For more complex problems like a faulty starter motor, prices can range from $160 to $325 including parts and labor. Brake vacuum booster replacements are more expensive, with total costs of around $350 to $500.

My Brake Pedal Is Stiff and Car Won't Start (2)
My Brake Pedal Is Stiff and Car Won’t Start (2)

Use the correct amp rating (125 amps or more) when replacing fuses. Battery replacements usually cost between $100 and $200.

Take your car to a professional for brake light switch, neutral safety switch, ignition switch, starter or brake booster replacements. Neutral safety switch replacements generally cost around $100 to $140, labor ranging from $60 to $100, and parts costing around $40.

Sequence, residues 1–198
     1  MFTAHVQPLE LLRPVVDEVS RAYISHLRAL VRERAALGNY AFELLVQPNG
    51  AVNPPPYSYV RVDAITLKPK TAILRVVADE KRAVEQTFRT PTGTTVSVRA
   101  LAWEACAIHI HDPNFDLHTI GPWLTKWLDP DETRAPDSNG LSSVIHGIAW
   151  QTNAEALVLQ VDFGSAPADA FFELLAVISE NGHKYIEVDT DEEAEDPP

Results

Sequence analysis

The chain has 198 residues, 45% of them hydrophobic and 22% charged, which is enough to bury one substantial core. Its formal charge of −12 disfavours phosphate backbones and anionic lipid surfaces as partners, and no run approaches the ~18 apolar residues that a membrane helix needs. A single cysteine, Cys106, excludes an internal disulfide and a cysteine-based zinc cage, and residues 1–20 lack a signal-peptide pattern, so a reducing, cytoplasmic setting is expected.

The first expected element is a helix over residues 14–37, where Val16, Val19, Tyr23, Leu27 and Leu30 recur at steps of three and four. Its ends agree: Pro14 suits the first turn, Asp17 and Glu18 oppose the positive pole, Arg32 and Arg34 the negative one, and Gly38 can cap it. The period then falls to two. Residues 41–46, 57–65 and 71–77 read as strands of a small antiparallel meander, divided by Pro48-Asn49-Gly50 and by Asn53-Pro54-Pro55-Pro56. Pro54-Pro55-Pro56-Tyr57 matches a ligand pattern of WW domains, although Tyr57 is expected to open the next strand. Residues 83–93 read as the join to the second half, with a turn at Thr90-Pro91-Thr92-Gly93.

FAQS about My Brake Pedal Is Stiff and Car Won’t Start

What are the common causes of a stiff brake pedal?

Common causes of a stiff brake pedal include air in the hydraulic system, a leak in the hydraulic system, dirt and grime on the pedal, faulty battery, fuel pump, starter motor or ignition switch.

Why is my brake pedal locked?

Your brake pedal may be locked if the battery connections are not secure, the battery is discharged or has film or corrosion on it, the starter cable connection is broken, there is a lack of brake vacuum, your starter motor needs to be replaced, you need to replace a fuse or your ignition switch is faulty.

How much does it cost to repair a stuck brake pedal?

Repair costs for a stuck brake pedal can range from $50 to $500 depending on the complexity of the issue. Fuses usually cost between $50-$100 including parts and labor while more complex repairs like starter replacements cost around $160-$325. Brake vacuum boosters typically cost around $350-$500.